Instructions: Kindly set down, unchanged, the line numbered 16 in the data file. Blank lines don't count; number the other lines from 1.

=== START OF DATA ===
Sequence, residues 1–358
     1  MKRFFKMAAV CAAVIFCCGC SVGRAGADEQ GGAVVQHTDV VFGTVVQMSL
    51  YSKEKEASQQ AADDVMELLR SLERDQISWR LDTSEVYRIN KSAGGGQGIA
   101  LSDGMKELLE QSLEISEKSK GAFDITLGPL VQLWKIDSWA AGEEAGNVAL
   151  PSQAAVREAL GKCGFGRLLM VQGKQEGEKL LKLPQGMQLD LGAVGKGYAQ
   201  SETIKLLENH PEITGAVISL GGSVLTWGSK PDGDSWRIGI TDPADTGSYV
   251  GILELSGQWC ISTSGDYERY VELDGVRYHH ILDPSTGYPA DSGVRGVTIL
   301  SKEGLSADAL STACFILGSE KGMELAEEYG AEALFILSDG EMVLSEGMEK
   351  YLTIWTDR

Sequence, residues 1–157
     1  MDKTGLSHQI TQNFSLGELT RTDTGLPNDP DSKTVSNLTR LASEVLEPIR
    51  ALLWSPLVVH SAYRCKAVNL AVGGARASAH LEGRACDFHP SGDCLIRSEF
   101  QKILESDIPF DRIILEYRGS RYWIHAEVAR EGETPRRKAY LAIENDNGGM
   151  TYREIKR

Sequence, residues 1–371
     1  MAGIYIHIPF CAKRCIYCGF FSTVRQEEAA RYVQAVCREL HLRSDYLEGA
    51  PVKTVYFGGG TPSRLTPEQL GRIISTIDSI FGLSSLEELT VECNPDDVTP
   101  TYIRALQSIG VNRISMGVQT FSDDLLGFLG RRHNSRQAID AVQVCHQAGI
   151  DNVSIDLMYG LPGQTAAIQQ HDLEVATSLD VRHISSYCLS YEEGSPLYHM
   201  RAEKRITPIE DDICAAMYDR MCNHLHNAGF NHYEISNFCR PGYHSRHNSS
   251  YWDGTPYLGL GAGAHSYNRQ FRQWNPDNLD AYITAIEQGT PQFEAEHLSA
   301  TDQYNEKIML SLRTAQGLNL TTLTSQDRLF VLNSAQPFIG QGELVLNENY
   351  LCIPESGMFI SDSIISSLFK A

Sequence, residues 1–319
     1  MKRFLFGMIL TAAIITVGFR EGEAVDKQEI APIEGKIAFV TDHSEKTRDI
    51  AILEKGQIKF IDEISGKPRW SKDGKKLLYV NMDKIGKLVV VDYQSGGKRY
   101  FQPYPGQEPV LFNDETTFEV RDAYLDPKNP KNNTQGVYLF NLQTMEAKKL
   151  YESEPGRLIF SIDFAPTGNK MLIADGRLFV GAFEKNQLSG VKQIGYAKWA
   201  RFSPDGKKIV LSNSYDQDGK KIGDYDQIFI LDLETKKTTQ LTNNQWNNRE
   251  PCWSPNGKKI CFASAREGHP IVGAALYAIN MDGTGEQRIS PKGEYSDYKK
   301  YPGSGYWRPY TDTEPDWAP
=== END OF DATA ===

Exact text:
     1  MAGIYIHIPF CAKRCIYCGF FSTVRQEEAA RYVQAVCREL HLRSDYLEGA